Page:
Correction Appended Jan. 7, 2012
The first day of preliminary hearings in the case of the Aurora, Colo. theater shooting was an emotional one, as police officers testified about what they saw when responding to the scene of the bloody July 20 rampage that killed 12 people and injured 58. And it’s likely just the beginning of several days of similar testimony.
Prosecutors and defense attorneys are presenting evidence in a Centennial, Colo., courtroom in case of James Eagan Holmes, 24, who was charged in July with 142 counts of murder and attempted murder after he opened fire at a July 20 midnight screening of The Dark Knight Rises. At the conclusion of the hearing he is expected to find out if he will stand trial for his actions.
Arapahoe County judge William Sylvester will decide whether the 24-year-old former neuroscience student is mentally competent to stand trial. Early in the day’s testimony, Holmes was described as “out of it” by the officer who found him after the shooting, according to reports from The Denver Post.
“He was very relaxed,” said Aurora Police Officer Jason Oviatt, who along with other officers found Holmes in the parking lot of the Cinemark Century 16 megaplex theater wearing two ammunition magazines and body armor. “It was like there weren’t normal responses.”
Later, Officer James Grizzle described the bloody scene came across when he moved inside the theater. “I slipped. I almost fell down because of all the blood there.” He said he took people to the hospital in the back of his patrol car rather than waiting on an ambulance at least three times and described in graphic detail what it was like.
“There was so much blood I could hear it sloshing in the back of my car,” he told the court
Holmes entered the movie theater just after the beginning of a screening of the film, armed with an AR-15, rifle, a 12-gauge shotgun, and a .40 caliber pistol, and opened fire on moviegoers, killing 12 and injuring 58. He surrendered to police without a struggle after the shooting. In a subsequent search of his nearby apartment, police found that he had booby-trapped it with explosives, which were later dismantled by investigators.
Other evidence presented at the hearing included security video of “dozens” of people running from the theater into the lobby to escape the gunfire and of Holmes walking into the theater before the shooting began. He had purchased a ticket for the showing 12 days in advance.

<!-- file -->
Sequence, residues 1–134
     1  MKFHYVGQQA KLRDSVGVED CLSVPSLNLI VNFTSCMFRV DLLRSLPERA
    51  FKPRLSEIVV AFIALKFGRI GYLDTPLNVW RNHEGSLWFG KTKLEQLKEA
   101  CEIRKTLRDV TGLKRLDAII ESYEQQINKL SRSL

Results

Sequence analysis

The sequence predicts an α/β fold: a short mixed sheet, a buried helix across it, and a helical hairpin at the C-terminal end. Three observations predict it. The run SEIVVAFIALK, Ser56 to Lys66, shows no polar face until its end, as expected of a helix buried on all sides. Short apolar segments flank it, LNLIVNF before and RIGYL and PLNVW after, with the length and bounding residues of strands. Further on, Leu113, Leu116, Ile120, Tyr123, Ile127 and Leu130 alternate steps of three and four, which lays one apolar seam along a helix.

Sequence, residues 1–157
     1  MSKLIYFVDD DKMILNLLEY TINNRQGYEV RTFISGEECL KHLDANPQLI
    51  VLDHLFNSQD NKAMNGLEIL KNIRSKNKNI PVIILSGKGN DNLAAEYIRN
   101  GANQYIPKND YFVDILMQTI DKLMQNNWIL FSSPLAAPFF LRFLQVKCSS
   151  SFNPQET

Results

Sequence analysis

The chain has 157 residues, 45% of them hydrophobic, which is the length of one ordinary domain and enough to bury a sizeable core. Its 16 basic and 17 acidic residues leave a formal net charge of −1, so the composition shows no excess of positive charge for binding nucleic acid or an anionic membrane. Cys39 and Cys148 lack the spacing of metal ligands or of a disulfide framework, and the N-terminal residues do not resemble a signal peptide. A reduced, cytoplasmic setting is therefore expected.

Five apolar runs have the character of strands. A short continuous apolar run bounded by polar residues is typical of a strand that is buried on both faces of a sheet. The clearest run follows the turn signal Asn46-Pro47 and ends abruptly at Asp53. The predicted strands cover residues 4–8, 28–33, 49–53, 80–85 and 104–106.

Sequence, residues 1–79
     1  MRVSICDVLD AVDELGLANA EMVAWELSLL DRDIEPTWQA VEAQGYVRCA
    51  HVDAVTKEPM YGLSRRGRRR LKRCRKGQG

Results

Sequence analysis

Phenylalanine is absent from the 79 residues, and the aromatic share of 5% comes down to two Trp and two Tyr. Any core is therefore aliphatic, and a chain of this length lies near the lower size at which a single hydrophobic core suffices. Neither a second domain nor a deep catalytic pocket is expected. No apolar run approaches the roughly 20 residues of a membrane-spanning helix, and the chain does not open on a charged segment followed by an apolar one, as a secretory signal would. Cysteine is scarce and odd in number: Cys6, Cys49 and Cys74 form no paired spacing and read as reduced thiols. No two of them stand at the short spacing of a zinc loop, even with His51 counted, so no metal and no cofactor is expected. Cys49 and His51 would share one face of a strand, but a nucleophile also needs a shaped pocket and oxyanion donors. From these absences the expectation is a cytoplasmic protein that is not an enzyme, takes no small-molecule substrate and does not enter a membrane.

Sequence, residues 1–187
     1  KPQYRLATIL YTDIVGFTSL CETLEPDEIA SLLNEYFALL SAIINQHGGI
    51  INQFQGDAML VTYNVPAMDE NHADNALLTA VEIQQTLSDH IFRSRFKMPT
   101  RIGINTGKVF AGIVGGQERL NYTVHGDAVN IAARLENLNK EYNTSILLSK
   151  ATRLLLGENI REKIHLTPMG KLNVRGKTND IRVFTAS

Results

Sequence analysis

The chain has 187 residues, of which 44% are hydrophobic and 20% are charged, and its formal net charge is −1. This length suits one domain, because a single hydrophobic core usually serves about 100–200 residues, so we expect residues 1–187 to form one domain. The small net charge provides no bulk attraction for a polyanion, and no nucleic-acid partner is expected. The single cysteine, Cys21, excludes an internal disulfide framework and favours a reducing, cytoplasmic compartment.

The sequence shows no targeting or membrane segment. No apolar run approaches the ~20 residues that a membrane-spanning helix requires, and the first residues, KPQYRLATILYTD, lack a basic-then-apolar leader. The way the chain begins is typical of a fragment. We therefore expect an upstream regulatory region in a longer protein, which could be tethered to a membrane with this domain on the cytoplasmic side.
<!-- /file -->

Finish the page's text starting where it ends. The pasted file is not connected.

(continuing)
Oviatt said Holmes was “just standing there” not moving much at all, and seemed unconcerned when officers arrived on the scene. “Not in any hurry. Not excited. Not urgent about anything.”
The gunman was initially charged with 142 counts of murder and attempted murder, but prosecutors later added 24 additional counts for a total of 166. During early motions in the case prosecutors and defense lawyers debated over several types of evidence, much of it to do with Holmes’ mental state prior to the shooting. Holmes had attended the University of Colorado and was studying for his Ph.D in neuroscience, but dropped out in June after taking his oral exams. His lawyers said that he was also seeing a psychiatrist at the school, Dr. Lynne Fenton. According to local news reports, Fenton, concerned at Holmes’ erratic behavior, had alerted school officials that he could pose a threat to others.
After Holmes dropped out, however, the university’s Behavioral Evaluation and Threat Assessment Team — which Fenton helped develop — had no authority to respond to his behavior. The day he dropped out, he legally purchased the AR-15 semiautomatic and other weapons.
Prosecutors have not disclosed whether they plan to pursue the death penalty against Holmes, if he’s found competent to stand trial; Arapahoe County District Attorney Carol Chambers, however, said that the feelings of the shooting survivors and victims’ families would need to be taken into account first. “Victims will be impacted by that decision in an enormous way for years, if the death penalty is sought,” she said. “We will want to get their input before we make any kind of a decision on that.”
An earlier version of this story incorrectly identified the movie playing at the Aurora theater during the shooting as The Dark Knight Returns.